I’m not sure I had ever been that scared in my life…
…and it all started with a simple LLC!
Despite being a letter from the government, it was clear as could be: I was being charged a nearly $10,000 penalty from the IRS.
What was I going to do? I didn’t even have $10,000!?
And why was I being charged this?
After several panicked hours of research, I finally realized why I was being hit with this fee:
Because I was stupid.
OK, being stupid isn’t technically the reason why I was being charged $10,000.
Maybe “over zealous” is a better term — and it’s a simple mistake anyone could make.
It Started With An LLC…
Here’s the deal:
When I first started investing in real estate, I heard a lot about LLCs.
I needed one, right? At least, that’s what I thought.
I had just purchased a triplex with some good friends of mine, so of course, we wanted to be
So I went to my Secretary of State’s website and paid the $300 or so for an LLC. I printed out the documents, made a nice file folder for it, and put it in my file cabinet.
Now I was official, right?
(In reality, because I never transferred the property into the LLC, the LLC wasn’t doing anything. I assumed I would get the property transferred in soon, but never had the time. Besides, the “Due on Sale Clause” made it a little sticky if I wanted to transfer the property into an LLC anyway. More on that here.)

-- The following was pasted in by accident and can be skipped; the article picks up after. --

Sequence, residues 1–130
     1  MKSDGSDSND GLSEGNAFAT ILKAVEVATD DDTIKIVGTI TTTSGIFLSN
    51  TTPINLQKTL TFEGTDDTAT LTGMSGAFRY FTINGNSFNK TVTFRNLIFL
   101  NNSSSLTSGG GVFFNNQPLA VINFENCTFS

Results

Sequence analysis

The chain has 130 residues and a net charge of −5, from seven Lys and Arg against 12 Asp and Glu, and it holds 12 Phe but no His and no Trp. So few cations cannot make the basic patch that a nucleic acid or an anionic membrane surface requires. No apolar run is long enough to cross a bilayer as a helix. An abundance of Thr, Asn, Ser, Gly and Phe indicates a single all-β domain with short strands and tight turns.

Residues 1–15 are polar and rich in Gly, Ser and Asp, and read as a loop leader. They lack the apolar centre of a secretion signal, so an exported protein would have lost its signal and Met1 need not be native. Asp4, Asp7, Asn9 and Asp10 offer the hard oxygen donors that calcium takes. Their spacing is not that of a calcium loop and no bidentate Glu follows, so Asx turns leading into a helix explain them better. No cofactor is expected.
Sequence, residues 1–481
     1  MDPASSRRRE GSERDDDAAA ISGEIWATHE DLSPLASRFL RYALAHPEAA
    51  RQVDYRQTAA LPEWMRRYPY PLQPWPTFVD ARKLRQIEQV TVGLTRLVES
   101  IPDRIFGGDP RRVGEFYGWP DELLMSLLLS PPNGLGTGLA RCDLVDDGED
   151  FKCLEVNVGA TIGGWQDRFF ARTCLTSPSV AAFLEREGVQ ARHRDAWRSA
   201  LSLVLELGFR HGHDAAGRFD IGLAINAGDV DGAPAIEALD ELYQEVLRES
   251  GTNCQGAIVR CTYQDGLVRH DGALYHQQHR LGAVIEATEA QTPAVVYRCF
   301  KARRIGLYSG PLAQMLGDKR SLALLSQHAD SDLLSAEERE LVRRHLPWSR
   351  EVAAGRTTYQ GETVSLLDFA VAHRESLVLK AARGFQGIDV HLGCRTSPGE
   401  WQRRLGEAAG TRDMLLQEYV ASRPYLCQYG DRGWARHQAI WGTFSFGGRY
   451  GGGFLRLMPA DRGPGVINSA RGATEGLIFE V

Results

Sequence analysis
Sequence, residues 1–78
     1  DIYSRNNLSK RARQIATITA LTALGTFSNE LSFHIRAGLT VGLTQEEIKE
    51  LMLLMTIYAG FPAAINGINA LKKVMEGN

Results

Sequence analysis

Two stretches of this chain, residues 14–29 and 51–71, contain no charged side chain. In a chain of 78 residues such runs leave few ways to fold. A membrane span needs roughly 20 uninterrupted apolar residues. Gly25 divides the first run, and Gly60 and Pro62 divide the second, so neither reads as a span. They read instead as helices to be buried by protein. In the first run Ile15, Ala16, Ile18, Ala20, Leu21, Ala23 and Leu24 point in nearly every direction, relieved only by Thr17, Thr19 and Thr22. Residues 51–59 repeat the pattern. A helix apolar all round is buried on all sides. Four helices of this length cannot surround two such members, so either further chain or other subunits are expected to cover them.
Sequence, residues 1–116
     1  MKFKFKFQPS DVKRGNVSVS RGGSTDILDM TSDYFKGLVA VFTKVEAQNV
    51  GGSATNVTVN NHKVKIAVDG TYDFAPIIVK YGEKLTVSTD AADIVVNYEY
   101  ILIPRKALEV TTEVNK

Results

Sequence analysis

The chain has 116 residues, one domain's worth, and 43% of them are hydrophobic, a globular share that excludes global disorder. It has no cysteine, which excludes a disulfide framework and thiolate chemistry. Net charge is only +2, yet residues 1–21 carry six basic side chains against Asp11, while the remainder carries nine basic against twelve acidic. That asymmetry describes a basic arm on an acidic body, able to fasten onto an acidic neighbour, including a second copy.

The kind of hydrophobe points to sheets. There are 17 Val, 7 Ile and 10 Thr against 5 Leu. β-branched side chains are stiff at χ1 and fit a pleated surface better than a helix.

So the LLC was formed, and the LLC just sat there.
Maybe a mistake — but definitely not a $10,000 mistake. Sure, I wasted $300 on an LLC that I didn’t use.
But the real problem didn’t start until tax time.
The Fateful Mistake
A year later, I started working on my taxes.
Back then, I did all my own taxes using a popular online tax planning software, which was relatively cheap and easy to use.
Because my LLC had absolutely no activity (due to me never transferring the property into it), it didn’t make a profit. So, total taxes owed on that LLC would be $0, of course.
So I just ignored it.
I mean, the IRS wouldn’t care if I mentioned it on the taxes because it made no money, right?
Here’s the problem: The IRS requires that every non-single member LLC (in other words, any LLC that you have that is not you alone or you with your spouse) must file a business tax return (Form 1065) every year — even if the LLC makes no money.
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